Downtown Dixieland Band concerts are like watching a group of big kids playing a game with rules they're making up as they go along.

Downtown Dixieland Band concerts are like watching a group of big kids playing a game with rules they’re making up as they go along.

Bearing a childlike imagination that allows its musicians to believe nothing’s impossible, the seasoned performers show off their improvisational skills at any given time, keeping their live shows unpredictable and fresh.

The Downtown Dixieland Band, an ensemble of the Milford Community Band, will transform the Riverwalk Farmer’s Market into its own sandbox on Saturday, June 7.

The band will perform a repertoire that includes American standards and jazz classics from the late 1800s to early 1900s, in which some of the tunes have been uniquely rearranged.

The Downtown Dixieland Band will play an hour at the Farmer’s Market, a venue the gang has performed at, at least four times.

“The Farmer’s Market is great,” said trombonist Kay Meade of Milford. “The sun will be shinning, people will be buying vegetables and flowers, and the band will be playing. It’s an honor to be a part of creating that ambience for the people of Milford.”

Some of the songs in the band’s set list are George Cobb and Jack Yellen’s country hit “Alabama Jubilee,” Jelly Roll Morton’s swing-era jazz standard “King’s Porter Stomp” and Lewis F. Muir and L. Wolfe Gilbert’s ragtime classic “Waiting for the Robert E. Lee.”

The Downtown Dixieland Band plays a beefed-up version of “Waiting for the Robert E. Lee” that Meade rearranged. Meade says the piece adds recognizable maritime tunes such as “snippets from Sammy Lerner’s ‘I’m Popeye the Sailor Man,’ ‘Sailor’s Hornpipe’ and we have a section from ‘Ol’ Man River.’”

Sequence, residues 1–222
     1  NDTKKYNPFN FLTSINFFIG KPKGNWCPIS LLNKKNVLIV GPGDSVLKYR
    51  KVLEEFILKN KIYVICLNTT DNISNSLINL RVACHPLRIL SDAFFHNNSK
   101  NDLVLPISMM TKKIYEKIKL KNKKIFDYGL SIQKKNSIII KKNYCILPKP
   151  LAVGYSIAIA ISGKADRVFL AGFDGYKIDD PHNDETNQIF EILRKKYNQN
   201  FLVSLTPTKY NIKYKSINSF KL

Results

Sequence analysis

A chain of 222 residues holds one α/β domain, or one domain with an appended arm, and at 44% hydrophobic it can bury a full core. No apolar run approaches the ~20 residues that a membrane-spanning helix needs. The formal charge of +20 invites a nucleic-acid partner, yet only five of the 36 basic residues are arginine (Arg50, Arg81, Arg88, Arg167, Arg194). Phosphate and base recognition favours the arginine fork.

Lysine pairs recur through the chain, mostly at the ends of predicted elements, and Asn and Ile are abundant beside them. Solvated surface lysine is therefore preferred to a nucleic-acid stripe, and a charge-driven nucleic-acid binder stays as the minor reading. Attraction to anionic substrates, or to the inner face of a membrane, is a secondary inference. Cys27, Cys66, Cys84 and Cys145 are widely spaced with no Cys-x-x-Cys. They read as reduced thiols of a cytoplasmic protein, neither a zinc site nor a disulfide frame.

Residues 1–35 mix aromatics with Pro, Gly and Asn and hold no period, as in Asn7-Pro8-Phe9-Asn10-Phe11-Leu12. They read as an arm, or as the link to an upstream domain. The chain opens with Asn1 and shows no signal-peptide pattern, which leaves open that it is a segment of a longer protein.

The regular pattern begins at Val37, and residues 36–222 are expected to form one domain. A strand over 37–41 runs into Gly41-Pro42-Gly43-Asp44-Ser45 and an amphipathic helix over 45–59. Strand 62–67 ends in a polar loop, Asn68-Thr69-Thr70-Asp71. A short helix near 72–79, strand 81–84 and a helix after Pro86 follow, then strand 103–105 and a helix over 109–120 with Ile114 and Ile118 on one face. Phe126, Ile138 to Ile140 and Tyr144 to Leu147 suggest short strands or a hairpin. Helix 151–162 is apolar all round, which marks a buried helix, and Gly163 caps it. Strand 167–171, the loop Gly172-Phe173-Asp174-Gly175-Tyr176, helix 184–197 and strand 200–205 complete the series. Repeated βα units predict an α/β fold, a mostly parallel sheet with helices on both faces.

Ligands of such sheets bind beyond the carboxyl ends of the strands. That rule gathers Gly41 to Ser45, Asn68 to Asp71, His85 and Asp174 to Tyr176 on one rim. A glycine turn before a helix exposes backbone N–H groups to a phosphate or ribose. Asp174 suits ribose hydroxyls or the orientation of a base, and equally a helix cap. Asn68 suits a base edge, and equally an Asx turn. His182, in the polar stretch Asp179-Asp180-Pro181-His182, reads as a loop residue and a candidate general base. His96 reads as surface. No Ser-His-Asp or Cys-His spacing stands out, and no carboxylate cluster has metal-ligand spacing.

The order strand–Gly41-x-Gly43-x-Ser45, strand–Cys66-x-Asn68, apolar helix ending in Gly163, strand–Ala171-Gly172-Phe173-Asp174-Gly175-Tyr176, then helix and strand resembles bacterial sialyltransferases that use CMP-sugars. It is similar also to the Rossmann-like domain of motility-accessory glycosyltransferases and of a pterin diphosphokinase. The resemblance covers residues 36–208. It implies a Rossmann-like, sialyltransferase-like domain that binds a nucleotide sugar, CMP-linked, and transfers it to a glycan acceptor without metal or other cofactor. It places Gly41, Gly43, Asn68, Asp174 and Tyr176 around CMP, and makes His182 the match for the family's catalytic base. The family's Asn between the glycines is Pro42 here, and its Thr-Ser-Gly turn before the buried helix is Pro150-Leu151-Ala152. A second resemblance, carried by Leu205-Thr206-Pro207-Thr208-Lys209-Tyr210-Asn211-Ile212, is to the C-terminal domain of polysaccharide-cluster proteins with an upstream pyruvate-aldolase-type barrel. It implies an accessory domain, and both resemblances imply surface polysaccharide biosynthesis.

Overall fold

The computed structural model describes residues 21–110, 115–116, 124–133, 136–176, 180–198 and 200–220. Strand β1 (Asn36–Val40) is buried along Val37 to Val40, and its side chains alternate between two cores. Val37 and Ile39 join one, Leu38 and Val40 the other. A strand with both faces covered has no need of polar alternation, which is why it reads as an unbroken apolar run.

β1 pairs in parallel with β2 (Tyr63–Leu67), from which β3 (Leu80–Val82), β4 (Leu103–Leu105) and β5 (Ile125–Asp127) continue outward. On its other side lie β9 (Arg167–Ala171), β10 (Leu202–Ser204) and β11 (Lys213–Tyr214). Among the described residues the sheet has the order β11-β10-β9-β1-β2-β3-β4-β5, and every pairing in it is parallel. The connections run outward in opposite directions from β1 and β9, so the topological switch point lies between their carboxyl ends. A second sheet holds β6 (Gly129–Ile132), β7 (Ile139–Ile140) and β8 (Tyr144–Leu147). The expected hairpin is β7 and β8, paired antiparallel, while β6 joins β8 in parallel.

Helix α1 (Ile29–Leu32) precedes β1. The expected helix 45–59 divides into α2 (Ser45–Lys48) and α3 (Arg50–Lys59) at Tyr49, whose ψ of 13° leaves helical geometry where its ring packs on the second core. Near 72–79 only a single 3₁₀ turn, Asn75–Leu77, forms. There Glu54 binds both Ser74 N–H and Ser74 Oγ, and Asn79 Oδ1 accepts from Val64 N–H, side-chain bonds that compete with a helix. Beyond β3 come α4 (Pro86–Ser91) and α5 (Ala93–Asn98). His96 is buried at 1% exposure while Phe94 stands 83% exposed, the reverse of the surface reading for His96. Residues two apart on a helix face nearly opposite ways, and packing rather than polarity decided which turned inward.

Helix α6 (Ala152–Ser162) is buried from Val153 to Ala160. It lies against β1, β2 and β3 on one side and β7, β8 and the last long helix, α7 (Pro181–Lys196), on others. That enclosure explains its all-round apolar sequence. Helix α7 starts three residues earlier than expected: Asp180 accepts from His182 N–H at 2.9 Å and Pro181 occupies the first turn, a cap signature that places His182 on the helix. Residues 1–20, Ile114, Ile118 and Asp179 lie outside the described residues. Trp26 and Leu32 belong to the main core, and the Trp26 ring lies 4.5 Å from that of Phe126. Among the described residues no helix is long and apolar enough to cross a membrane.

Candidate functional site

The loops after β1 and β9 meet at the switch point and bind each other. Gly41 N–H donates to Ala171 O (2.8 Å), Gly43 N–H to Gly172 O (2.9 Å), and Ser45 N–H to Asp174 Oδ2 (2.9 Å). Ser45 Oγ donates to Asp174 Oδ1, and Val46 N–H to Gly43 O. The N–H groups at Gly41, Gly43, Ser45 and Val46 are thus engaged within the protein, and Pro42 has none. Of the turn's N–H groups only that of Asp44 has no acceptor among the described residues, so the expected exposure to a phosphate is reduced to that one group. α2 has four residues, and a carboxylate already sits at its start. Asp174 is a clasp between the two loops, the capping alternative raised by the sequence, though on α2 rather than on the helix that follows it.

Meade’s ability to arrange music in such a clever way has made her a big asset to the Downtown Dixieland Band.

“She’s one of my right-hand men,” said band leader Joe Leer of Milford.

Meade is the only woman in the Dixieland Band, a seven-piece comprised of members who are all in their 50s, except for drummer Sammy Seibert, who’s still a teenager. But the wide gaps in gender and age aren’t a barrier to the musicians in the group, because everyone has a love for Dixieland music, a genre that’s rooted in spontaneity.

When a member of the Dixieland Band decides to adlib during a given song, it creates a contagious energy that flows to the others, encouraging them to join in on the action. As a result, the musicians become more preoccupied with jamming together than focusing on their differences.

“You don’t stop to think about who’s old or who’s male and who’s female,” she said. “We’re in the moment of the piece we’re playing.”

Meade likens the band’s adlibbing to the free-spirited Harlem Globetrotters basketball team.

“If you were going to compare us to sports a team, that’s who we’d be,” she said.

Dixieland music is a style of jazz created in New Orleans, La., during the early 1900s. New Orleans bands helped to spread the vibrant sound to Chicago, Ill., and New York City around 1910.

Leer grew up in Texas listening to Dixieland music as a kid and it never left him. The upbeat music keeps him feeling young at heart, although he’s 89 years old.

“It’s entertaining,” Leer said about Dixieland music. “It’s foot-tapping. It’s happy and it’s got a bounce to it. That’s what I like.”


WHAT Downtown Dixieland Band in concert

WHEN 10 a.m., Saturday, June 7

WHERE Riverfront Farmers Market, 7 S. Walnut St., Milford


INFO Visit